Confronting Your Own Worst Enemy

The first step to better relationships is disengaging from the bully in your own mind.


photo courtesy of Guru Khalsa

filed under Advice

Of all your relationships, the most fundamental is the one with your own mind. Because you can’t be a good listener, lover, parent or partner if you’re not mindful of the present moment.

As a meditation teacher, I meet a lot of people who tell me their minds are maddening, stuck in loops of negative thinking. They complain about having way too many thoughts.

But interestingly, no one ever says they have too many happy thoughts. Too many loving thoughts. No, what people complain about is a harsh inner voice I like to call the “attorney for the prosecution,” because it’s forever raising objections, making accusations, and riling up the jury. It’s that undercutting, belittling voice that nags away, usually more loudly when we’re stressed out, saying things like:

  • You suck.
  • They won’t hire you.
  • That’s a stupid idea.
  • You don’t deserve to be that happy.
  • You’ll probably end up alone.
  • You should be more organized/save more money/lose weight/drink less…

This barrage of negative self-talk is truly hell on earth. When we listen to this voice we tend to get in our own way, second-guess ourselves, and blame ourselves for our misfortunes. And the things we do to drown out this voice—whether reaching for another drink or a joint, or numbing ourselves with video games or shopping or sex—tends to make the situation worse, and give the voice another club to beat us with. (“Another hangover? You’re such a loser.”) No one deserves to be talked to in this way. And yet, this is how I used to talk to myself all the time.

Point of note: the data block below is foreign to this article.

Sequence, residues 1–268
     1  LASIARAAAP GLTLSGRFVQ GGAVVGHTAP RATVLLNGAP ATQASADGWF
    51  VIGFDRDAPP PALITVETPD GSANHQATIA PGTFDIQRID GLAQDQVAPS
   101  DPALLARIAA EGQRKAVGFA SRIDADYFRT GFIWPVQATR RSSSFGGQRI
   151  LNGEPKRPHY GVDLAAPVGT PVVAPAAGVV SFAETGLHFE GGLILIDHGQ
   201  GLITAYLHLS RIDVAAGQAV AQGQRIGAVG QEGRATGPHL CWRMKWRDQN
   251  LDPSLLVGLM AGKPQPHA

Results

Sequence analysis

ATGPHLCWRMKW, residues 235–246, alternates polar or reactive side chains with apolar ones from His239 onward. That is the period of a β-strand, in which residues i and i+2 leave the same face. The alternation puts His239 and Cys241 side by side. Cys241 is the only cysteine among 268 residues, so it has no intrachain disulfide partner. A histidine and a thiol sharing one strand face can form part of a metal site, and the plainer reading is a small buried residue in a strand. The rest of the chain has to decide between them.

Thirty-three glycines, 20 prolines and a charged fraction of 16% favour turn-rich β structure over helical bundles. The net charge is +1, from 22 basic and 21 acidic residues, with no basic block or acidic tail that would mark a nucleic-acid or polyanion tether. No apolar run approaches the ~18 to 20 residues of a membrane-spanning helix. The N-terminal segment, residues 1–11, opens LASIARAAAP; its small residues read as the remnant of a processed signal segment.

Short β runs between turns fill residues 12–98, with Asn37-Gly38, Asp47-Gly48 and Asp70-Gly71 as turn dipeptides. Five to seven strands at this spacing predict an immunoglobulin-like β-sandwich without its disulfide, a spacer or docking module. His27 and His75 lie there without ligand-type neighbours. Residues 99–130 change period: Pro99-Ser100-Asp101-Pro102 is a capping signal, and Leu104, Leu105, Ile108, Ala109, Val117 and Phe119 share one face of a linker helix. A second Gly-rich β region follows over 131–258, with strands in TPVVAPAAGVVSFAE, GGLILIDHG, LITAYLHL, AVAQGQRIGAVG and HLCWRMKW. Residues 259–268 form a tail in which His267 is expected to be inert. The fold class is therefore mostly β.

For me, meditation was the way out of this trap. It gave me a tool to help settle into a deeper, quieter state of consciousness where that voice was harder to hear. And sometimes I experienced a place of complete inner contentedness—a blissful silence—where the voice couldn’t even reach me.

Negative self-talk never goes away completely. But meditation gives us the ability to not engage with it so much. Instead of arguing or recoiling in shame, we can come back to our senses. We notice something—be it the sun on our face, the feeling of the ground under our feet, the lingering taste of our morning coffee – anything will do. We pay more attention to life itself than to our negative thoughts about life.

It’s by cultivating a daily practice of meditation that we learn how to step in when that voice cranks up and say, “Hold on a second,” in the same way we might stop a bully from assaulting someone on the playground. We can learn to see this voice for what it is—a manifestation of our fears and anxieties—without letting our whole identity get swallowed up in it. This is the difference between “I feel angry” and “I have anger issues.” Between “I lost” and “I’m a loser.” Between “I did something wrong” and “I am something wrong.”

This is how we repair the damaged relationship we have with our own minds, which in turn becomes a solid foundation from which to improve all our other relationships.

It’s a much easier way to live.

James Brown teaches meditation in San Francisco, where he lives with his wife, two young sons, and crazy dog.

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